The Million Eyes Short Stories
The Million Eyes short stories are standalone short stories set in the same universe as the Million Eyes Trilogy. Many of them are inspired by real-life conspiracy theories, mysteries and urban legends.
Rachel Can See
Rachel Evans is having memories of things that didn’t happen. A shadowy organisation, concerned by what she might reveal, takes action.
Longlisted by Inktears in 2014, Rachel Can See was published in Metamorphose Volume 2 and won an honourable mention. Click the logo below to buy a copy.
A car crash that wasn’t supposed to happen. A much-loved musician who wasn’t supposed to die. It’s time to set things right — but at what cost?
Shortlisted in the Aeon Award Contest 2015, Paul was published by Storgy Magazine (and later re-published in Suspense Magazine). Click the logo to read it.
The Charlie Chaplin Time Traveller
A woman on a mobile phone — in 1928? Film director George Clarke investigates a time-bending oddity on an old Charlie Chaplin DVD, but needs to be careful where he pokes his nose.
This story was published in Issue 11 of Tigershark Magazine (and can be read here) and the March/April 2017 edition of Suspense Magazine. Click the logo to read it in Suspense Magazine.
Who is Rudolph Fentz?
A man discovers that a fictional short story by Jack Finney about weird time travelling goings-on in New York might not be so fictional after all.
Who is Rudolph Fentz? was published in Issue 68 of Scribble Magazine and won 3rd prize out of 19 stories in that issue, voted for by the readers. The issue is now out of print, but it was later re-published by Storgy Magazine. Click the logo below to read it.
The Home Secretary is safe
Cody Evans is sick of hearing about how Mrs Battersby needs to trim her unsightly hedge, but the woman opposite on the train won’t stop saying it. What’s going on?
The Home Secretary is safe was longlisted by the Inktears Short Story Contest and To Hull and Back Humorous Short Story Competition, both in 2017. It was subsequently published by sci-fi magazine Phantaxis in Issue 6. Click the logo below to buy a copy from Amazon.
Operation Loch Ness
DS Claire Garrison is tasked with investigating the disappearance of an amateur Loch Ness Monster hunter. It turns out Nessie is the least of her problems.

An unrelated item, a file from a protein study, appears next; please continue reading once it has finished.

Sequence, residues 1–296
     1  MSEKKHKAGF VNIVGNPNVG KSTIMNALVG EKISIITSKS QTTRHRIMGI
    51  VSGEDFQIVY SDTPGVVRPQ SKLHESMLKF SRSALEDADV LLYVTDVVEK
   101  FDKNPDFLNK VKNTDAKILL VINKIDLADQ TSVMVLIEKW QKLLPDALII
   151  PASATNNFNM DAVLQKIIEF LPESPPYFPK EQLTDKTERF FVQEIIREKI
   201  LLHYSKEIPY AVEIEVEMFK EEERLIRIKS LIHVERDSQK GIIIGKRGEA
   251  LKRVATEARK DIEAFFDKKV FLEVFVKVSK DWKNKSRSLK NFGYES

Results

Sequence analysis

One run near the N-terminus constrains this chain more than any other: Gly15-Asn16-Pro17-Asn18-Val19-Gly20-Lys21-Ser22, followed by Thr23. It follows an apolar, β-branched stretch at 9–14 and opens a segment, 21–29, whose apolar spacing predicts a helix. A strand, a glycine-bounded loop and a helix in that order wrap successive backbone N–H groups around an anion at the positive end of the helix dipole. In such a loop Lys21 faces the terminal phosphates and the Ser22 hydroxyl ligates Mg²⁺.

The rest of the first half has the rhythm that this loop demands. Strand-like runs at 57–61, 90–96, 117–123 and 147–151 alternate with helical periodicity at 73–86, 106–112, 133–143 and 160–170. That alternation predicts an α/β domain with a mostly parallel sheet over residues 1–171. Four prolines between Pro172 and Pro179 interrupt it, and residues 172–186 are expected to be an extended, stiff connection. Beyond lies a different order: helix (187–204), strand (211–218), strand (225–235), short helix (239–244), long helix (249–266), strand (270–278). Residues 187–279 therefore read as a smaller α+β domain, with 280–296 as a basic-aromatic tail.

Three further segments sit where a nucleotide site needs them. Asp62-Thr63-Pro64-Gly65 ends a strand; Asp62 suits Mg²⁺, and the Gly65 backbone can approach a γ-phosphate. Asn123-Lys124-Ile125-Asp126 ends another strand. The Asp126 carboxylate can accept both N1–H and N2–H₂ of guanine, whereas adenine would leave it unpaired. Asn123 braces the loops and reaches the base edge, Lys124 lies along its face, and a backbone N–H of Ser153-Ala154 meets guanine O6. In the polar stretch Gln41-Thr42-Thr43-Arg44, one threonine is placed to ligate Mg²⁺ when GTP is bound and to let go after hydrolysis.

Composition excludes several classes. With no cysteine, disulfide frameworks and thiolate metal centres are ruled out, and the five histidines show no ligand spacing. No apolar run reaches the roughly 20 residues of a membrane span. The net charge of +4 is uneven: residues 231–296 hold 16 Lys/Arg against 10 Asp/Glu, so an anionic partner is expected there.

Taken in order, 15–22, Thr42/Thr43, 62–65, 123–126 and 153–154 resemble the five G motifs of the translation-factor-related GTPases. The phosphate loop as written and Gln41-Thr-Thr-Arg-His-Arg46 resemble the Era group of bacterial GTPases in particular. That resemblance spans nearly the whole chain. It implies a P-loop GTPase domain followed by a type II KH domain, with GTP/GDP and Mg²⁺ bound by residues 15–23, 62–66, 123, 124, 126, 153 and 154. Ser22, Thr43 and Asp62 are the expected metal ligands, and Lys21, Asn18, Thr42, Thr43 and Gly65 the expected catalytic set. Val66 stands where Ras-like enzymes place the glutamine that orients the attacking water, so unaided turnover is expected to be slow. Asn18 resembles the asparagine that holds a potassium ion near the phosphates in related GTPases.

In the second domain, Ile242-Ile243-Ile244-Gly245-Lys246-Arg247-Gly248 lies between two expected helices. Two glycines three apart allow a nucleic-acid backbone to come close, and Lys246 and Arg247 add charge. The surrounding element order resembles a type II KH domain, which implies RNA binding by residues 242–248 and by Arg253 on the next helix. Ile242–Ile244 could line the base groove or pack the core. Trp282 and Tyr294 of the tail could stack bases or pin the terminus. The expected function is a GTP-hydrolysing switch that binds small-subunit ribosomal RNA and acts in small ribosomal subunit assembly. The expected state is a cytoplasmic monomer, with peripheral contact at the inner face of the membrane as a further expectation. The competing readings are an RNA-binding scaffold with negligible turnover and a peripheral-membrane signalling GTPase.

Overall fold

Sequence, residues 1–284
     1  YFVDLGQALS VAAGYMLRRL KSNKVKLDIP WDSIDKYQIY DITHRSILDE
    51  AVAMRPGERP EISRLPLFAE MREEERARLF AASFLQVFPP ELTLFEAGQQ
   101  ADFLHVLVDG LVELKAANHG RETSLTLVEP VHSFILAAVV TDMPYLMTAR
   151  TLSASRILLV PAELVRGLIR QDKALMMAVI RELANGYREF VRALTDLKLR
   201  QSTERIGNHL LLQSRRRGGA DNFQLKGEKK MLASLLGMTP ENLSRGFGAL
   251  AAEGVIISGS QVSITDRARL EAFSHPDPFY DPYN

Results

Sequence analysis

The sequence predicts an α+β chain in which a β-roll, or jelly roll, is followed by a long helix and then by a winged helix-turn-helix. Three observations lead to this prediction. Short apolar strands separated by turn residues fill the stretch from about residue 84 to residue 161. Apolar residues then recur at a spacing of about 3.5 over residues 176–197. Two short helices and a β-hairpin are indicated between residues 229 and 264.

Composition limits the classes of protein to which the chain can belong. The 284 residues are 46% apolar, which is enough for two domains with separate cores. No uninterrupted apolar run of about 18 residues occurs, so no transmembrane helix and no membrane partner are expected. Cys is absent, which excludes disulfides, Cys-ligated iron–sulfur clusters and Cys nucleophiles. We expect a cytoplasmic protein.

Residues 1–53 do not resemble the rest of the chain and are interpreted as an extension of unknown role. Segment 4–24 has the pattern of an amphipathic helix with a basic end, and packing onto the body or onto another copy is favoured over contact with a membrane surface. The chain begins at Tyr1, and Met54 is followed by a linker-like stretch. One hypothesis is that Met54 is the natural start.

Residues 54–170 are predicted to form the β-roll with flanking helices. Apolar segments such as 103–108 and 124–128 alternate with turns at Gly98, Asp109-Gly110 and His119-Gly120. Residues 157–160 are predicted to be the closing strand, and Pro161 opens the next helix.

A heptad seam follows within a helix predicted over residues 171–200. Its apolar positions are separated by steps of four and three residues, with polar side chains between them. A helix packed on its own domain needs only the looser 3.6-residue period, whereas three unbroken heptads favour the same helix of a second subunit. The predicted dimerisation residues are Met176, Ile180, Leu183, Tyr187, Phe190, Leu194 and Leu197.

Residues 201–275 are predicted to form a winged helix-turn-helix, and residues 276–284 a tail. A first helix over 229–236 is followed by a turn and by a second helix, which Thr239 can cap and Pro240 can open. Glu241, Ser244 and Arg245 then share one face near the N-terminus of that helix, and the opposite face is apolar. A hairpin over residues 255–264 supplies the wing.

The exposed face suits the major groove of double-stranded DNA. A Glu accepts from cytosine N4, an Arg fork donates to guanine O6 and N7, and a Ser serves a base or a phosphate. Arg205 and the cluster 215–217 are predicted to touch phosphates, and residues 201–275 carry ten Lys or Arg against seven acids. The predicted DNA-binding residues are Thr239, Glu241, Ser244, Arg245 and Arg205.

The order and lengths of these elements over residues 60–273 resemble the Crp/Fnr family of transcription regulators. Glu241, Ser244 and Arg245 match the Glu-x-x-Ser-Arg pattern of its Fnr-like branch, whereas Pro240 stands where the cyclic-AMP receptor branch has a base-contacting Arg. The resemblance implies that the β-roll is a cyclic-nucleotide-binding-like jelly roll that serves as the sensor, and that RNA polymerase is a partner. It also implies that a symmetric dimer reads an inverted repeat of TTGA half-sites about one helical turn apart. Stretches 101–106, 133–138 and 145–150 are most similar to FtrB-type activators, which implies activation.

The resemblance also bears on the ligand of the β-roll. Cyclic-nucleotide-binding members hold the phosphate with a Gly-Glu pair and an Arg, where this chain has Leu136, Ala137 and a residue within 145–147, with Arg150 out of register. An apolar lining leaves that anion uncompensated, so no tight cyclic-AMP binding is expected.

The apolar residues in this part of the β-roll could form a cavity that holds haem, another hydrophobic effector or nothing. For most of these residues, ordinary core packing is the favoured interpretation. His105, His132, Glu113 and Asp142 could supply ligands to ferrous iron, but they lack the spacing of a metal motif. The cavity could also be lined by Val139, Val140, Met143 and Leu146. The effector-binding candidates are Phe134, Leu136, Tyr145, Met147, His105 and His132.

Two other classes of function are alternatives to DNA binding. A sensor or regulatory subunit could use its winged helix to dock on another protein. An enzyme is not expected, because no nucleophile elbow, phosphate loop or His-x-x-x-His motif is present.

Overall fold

The longest of the Million Eyes short stories, this was published by ‘strange fiction’ magazine Idle Ink. It was later named one of Idle Ink’s ‘Best Stories of 2018’. Click the logo to read it.
Rachel Can Still See
What do you do when a time traveller goes rogue? Rachel Evans is about to find out.
The sequel to Rachel Can See, this was published in Phantaxis Issue 7. It was also highly commended by Writers’ Forum and won the Rushmoor Writers Hyde Cup in 2016. Click the logo to buy a copy from Amazon.
The Babushka Lady
What connects the deaths of JFK and Marilyn Monroe? The Babushka Lady—the infamous unidentified witness to Kennedy’s assassination—knows.
This story was published in The Chronos Chronicles, an anthology of time travel tales released by Indie Authors Press. Click the cover below to buy a copy from Amazon.
Eryl Mai’s Dream
Eryl Mai Jones dreams that her school is about to be crushed by a ‘big black blanket’, then a mysterious substitute teacher comes asking questions. Strange, uncomfortable ones.
Eryl Mai’s Dream was shortlisted in one of Dark Tales’ monthly competitions and published in Volume 17. Click the logo below to buy a copy for £2.49.
Other Published Short Stories
The Quiet Invasion
Sometimes time travel has consequences. And those consequences… itch.
The Quiet Invasion was published in Issue 6 of The Ginger Collect. Click the logo below to read it.
There’s Something About Anne
Juliet learns that Fred really can’t be trusted with time travel missions.